The massive gathering for prayer and unity in Jerusalem and throughout the remnant of Israel is only a starting point for reclaiming the entire Land for Jewish settlement and a Torah way of life. The Children of Israel must remember that they are distinct not mainly in matters of appearance but of essence. This includes politics in the broadest sense, the way that the nation regulates and maintains it self, what it fosters and what it shuns. From ancient times it has been understood that democracy unmediated by merit and transcendent moral codes is closely aligned with demagoguery and inevitably leads to tyranny. Athens, Rome and now America are learning this truth of which America’s founders warned, in vain as it turns out. This lesson has been illustrated with particular clarity in the 20th century whose mass media amplify the ability of leaders to stir the emotions of the masses. The results are commercialism, depraved lifestyles and corrupt politics and through them our era is enduring the devolution of democracy into an oppressive global bureaucracy. Israel tops the hit list of this New World Order for Israel is its antithesis, a check to its pride and a remembrance of the true source of all sovereignty. If America’s wise and implicitly Godly Constitution could not prevent the disintegration of truth into deceit, it suggests that no human code can. Only transcendent truths clearly taught and applied have the ability to order the passions for life and holiness, obligations and privileges. This is why the nations will turn to Israel for the bounty of upright judgments; this is why they will rejoice when Israel inhabits its true role. Only Torah truths, duties and privileges can make Israel a refuge against all forms of tyranny. Nearly 4000 years ago El Shadai chose Abraham, Isaac and Jacob to walk this path and 3311 years ago He graced Israel with the means to assert and achieve this merit.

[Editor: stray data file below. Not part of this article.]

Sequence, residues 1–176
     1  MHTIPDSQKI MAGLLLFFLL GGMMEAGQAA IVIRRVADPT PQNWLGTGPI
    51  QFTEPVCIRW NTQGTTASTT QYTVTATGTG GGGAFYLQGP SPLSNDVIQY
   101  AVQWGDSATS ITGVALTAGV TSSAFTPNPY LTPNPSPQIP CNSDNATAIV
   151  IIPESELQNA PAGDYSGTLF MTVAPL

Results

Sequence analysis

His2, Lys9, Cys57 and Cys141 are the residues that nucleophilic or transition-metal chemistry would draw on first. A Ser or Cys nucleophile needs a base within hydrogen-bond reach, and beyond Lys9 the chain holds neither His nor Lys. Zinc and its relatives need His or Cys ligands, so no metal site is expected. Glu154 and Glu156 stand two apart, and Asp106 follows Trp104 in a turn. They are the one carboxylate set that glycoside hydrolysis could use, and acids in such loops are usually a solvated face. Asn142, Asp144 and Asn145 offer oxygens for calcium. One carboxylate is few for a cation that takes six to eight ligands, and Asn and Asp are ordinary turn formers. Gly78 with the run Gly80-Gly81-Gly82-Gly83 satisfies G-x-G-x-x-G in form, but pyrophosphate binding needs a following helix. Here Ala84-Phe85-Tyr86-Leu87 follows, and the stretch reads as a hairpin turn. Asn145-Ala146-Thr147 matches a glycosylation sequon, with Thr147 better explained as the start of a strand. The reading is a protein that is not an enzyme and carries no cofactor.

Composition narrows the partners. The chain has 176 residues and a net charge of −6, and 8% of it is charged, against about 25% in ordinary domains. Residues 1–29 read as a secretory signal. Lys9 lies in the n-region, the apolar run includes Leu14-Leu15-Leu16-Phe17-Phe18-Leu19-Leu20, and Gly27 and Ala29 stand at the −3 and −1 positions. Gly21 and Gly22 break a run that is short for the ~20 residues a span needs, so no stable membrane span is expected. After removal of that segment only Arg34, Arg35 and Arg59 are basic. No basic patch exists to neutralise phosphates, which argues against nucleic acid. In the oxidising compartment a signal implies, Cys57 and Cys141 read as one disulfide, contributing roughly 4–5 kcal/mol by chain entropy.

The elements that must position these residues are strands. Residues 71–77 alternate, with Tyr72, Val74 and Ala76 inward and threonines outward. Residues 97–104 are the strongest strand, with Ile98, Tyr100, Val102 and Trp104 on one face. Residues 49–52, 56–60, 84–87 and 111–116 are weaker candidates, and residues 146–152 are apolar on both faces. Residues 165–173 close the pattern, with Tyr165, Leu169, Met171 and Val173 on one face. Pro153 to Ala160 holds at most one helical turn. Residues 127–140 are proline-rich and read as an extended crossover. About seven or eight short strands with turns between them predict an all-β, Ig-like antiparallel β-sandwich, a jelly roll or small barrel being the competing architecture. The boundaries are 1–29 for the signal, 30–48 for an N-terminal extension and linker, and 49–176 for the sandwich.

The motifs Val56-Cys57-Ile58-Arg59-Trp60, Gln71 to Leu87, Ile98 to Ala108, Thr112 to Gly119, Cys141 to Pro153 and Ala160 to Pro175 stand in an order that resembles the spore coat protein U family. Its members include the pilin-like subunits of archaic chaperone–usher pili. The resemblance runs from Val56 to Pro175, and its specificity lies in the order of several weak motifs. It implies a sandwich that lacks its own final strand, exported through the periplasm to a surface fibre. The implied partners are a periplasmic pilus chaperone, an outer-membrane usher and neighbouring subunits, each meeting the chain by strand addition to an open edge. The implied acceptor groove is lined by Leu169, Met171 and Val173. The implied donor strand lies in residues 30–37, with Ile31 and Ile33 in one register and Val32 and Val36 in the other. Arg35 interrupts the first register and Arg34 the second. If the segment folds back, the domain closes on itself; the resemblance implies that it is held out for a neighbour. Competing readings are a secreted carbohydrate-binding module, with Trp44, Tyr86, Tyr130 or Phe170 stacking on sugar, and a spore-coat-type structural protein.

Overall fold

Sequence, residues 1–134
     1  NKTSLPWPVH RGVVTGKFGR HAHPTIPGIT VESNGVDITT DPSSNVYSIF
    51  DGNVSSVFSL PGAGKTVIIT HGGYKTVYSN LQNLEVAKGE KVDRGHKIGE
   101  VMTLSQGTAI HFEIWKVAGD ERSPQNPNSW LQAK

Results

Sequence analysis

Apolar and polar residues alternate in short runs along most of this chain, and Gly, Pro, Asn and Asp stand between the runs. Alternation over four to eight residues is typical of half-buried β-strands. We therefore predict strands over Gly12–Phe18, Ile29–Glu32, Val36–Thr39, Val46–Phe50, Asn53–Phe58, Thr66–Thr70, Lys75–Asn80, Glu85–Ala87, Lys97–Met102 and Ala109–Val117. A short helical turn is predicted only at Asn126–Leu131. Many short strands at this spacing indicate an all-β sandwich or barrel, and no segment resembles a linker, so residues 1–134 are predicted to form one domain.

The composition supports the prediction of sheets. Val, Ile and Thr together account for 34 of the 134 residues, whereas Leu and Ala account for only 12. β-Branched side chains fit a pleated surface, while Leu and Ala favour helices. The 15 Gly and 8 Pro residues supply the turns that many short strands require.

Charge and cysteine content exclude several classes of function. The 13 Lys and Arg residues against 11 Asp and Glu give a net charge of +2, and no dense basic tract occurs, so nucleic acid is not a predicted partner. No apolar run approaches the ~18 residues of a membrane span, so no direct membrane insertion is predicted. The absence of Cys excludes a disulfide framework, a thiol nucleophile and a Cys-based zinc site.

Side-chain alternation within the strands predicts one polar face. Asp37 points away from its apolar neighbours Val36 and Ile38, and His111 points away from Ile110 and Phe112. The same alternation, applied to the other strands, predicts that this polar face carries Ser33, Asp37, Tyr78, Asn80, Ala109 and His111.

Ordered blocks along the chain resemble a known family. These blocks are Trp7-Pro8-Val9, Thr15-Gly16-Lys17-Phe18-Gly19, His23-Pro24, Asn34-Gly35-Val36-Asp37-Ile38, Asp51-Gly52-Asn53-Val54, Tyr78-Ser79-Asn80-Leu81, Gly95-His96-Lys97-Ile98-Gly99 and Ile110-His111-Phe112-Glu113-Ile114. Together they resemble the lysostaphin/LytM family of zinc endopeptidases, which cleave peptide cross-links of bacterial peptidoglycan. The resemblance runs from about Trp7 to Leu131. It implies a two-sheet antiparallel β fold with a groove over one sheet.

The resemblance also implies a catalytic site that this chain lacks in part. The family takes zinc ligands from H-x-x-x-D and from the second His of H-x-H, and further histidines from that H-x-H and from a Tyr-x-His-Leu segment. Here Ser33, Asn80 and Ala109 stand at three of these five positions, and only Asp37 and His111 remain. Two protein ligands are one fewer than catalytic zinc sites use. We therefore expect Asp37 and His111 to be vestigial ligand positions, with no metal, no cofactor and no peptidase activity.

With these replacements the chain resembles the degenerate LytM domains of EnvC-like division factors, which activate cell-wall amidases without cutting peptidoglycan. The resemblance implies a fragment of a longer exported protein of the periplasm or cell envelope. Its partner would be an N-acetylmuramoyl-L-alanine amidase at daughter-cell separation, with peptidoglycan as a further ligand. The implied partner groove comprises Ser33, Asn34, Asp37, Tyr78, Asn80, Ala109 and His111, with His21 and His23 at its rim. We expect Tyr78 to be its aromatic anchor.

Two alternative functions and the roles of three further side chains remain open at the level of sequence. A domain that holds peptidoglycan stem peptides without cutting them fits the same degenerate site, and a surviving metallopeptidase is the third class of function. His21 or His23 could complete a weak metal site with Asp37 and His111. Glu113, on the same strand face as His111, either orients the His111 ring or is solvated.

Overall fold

The Lord gave the Children of Israel a Land and Torah in which and by which to live, and He gave it as “an everlasting covenant.” “For an edict written in the King’s name and sealed with the royal signet may not be revoked,” states the relevant verse in the scroll of Esther. The great prayer rally of 28 Shevat occurred just two weeks before Purim when the Jews finally won the right “to destroy, slay and exterminate every armed force of any people or province that threaten them” (Esther 8:8, 11). This right is as inviolable and ancient as Israel’s divine promise and through it they will have “light and gladness and joy and honor” (Esther 8:16). Even after this century’s nightmares of exile, the nations again have sought “to cast a lot to terrify and destroy” the Jews, -- Camp David, Madrid, Oslo, Wye River, and to undo their victories. Listen: there have been nearly two thousand years of doron u’tefillim, conciliation and prayers. It is enough; it is too much just as Jacob too much transferred words of service from the Lord to Esau. It is time “to transform sorrow into gladness” as on the first Purim, “for so the Jews gained the upper hand over their enemies” (9:1, 22-4). The foe wants battle. Israel must untie his hands and let them have it.